by Matt Bauer ( photo by Johnny Nunez )
If you went to solo to Marsha Ambrosius’s upcoming shows at The Tralf, thisSaturday, she has some good news for you: “If you didn’t come with a date, you might leave with one!”
And whether you encountered Ambrosius’s soulful rapture as one half of the groundbreaking neo-soul duo Floetry, a seemingly endless stream of collaborations, guest appearances and writing credits (with the likes of Michael Jackson, Dr. Dre, A Tribe Called Quest, among many, many others) or her own celestial solo work—-you know that her soulful, sensual voice is gloriously contagious.“I’ll bring some warmth and the play list is something that will get your joints moving,” she says with a sly laugh over the phone as she preps for her sound check, when asked to tease what her fans are anxiously awaiting this weekend.
She’s also proud and eager to talk about her recently released third offering “Nyla” (also the name of her two year old daughter) and the role that marriage and motherhood as well as her vigorous touring schedule over the last two-decades played in its conception.
“From New York to Los Angeles and back again,” she explains of the title. “ Both my husband and my daughter were born in LA so it’s really the journey to be able to do this again as a wife and mother and it’s really a beautiful thing to share with a crowd who has been listening to me create music for a while.”
“All of these stories kind of connected and I was able to script it. This is now becoming a life story; this is how I met my husband and the things we both had to let go of to find each other. And then here’s our baby so it’s a wonderful love story from beginning to end. “With tracks like “Old Times” (the accompanying video featuring Ambrosius, her real-life husband Dez Billups and her daughter is certainly one of the year’s most poignant ), “Bottle Fulla Liquor” and Luh Ya,” “Nyla” is an empowering, stylistically eclectic showcase of Marsha’s ever-evolving and oft remarkable artistry.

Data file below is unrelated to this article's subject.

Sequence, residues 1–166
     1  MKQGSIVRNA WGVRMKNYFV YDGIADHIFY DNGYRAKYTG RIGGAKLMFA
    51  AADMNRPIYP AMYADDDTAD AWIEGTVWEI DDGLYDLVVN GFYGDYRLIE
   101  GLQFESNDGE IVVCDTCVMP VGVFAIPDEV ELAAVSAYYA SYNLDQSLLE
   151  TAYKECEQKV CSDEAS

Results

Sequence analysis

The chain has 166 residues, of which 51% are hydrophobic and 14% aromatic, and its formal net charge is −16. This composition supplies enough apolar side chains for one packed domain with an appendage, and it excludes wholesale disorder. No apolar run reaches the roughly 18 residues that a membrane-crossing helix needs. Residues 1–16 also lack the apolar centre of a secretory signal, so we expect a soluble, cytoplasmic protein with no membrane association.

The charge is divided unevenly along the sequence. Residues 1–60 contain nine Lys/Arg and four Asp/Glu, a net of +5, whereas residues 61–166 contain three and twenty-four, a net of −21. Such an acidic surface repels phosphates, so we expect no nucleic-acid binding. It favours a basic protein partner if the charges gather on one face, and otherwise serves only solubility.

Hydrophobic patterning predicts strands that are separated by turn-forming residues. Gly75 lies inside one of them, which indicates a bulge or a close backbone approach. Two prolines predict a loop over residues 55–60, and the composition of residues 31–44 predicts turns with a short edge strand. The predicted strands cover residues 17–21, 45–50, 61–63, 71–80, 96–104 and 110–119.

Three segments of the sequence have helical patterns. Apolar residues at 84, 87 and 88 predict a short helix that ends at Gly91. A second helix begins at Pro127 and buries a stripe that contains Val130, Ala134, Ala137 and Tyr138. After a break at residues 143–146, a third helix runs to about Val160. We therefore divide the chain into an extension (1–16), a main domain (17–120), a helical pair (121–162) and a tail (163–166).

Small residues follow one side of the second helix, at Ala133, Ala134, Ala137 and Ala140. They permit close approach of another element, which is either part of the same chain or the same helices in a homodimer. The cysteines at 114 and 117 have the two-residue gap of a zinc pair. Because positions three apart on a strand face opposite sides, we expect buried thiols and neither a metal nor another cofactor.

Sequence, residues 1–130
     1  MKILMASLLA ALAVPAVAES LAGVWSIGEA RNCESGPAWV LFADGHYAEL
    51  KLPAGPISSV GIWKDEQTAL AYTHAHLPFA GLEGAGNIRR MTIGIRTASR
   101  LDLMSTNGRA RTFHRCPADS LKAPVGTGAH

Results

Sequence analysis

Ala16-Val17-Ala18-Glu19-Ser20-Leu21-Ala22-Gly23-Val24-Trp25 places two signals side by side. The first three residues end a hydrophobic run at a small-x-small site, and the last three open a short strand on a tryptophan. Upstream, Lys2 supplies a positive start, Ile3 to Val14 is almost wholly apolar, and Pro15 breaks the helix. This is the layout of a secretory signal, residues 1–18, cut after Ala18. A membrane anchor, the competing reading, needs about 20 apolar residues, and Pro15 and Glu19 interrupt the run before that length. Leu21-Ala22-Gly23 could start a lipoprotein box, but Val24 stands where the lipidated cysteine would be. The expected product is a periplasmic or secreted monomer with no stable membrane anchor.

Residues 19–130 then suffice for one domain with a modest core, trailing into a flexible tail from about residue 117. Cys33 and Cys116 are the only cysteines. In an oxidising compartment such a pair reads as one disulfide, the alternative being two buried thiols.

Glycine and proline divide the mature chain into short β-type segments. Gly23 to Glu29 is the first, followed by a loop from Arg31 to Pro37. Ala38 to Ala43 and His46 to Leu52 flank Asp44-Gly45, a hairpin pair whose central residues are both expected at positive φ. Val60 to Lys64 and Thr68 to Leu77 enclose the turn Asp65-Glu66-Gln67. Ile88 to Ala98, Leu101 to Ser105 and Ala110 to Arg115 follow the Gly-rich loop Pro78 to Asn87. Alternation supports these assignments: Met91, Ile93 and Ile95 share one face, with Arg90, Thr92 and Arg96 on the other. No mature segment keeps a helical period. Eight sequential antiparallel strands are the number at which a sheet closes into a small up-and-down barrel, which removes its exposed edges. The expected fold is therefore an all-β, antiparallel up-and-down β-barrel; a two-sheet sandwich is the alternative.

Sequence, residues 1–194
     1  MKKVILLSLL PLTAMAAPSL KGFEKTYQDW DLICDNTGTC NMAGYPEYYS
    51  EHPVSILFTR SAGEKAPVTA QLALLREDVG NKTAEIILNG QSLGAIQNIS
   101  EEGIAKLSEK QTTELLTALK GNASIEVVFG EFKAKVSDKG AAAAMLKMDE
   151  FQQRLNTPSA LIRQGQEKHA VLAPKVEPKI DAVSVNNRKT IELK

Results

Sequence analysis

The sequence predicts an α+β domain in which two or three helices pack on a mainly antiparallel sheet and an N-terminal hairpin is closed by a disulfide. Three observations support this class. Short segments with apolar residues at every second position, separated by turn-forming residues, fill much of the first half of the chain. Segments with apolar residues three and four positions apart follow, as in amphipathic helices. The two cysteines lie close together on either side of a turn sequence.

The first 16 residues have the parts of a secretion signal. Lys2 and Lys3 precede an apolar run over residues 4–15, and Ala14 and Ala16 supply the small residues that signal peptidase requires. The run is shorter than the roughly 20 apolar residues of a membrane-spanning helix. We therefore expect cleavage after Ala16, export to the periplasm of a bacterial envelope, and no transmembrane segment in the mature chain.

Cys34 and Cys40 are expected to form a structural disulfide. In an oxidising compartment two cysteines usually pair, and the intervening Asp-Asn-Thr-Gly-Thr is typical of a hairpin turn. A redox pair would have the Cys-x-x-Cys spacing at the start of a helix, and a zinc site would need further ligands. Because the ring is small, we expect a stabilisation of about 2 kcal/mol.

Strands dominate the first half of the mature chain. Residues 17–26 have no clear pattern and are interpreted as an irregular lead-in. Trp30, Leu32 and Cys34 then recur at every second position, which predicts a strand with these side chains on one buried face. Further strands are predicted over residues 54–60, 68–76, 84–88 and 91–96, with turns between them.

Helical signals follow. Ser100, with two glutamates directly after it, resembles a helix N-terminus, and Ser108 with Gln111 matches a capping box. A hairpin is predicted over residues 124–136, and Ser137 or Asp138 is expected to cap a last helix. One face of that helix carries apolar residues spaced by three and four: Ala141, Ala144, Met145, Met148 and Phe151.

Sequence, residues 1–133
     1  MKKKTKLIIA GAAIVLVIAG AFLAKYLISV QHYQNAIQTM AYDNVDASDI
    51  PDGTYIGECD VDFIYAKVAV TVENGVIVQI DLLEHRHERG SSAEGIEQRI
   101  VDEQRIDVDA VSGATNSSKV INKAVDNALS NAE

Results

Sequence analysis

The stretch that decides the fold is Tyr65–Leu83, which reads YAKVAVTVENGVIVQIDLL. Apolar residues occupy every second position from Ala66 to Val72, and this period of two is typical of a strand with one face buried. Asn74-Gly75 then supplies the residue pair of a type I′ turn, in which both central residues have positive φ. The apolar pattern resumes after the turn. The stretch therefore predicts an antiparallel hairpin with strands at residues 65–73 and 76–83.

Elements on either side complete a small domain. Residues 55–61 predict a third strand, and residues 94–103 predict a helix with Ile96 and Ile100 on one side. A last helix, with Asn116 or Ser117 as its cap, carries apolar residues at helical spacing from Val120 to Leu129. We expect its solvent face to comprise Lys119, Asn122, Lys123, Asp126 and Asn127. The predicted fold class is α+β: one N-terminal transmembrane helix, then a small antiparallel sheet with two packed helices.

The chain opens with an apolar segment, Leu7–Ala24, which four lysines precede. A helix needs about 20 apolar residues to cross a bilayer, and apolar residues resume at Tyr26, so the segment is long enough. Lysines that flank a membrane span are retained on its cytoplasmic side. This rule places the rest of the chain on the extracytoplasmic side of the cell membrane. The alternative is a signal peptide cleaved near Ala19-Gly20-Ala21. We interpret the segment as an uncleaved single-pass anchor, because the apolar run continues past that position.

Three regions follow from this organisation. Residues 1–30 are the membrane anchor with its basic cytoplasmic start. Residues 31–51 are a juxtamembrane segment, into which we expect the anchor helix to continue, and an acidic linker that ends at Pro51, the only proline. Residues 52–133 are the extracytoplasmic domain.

“It’s gotten easier with time, she says of her creative process. “I’ve been able to navigate where I’ve been able to assess my strengths, whether it was a collaboration, or my own stuff even. I’ve been given license to just be Marsha. Now I can just have fun and can continue to do so.”
Prompted about what she’s learned from her countless collaborations she shares that “the most important lessons I’ve learned, whether they were from the King of Pop or Dre, is that you have to do the work and be great at doing you and whatever that takes. They’ve given me the freedom to stretch myself to the point of tears to execute what they saw in me that I was willing to put in the work. That’s allowed me to sustain and be consistent over long periods. “
With movie and television scores, branding, more music and more life as a wife and mother on the horizon, Marsha Ambrosius is no doubt content in both her personal and professional life. Asked about advice for future artists, she shares a mantra that she has no doubt lived by throughout her career:
“Do you. Once you acknowledge that you’re an individual. It’s all about individuality, it’s what separates you from everybody and everything. It’s enlightening and empowering in a selfless way. Everyone and everybody else is taken.”Opening for Marsha Ambrosius will be Leah Jenea, an alumni of the Fox TV Series “The Four.”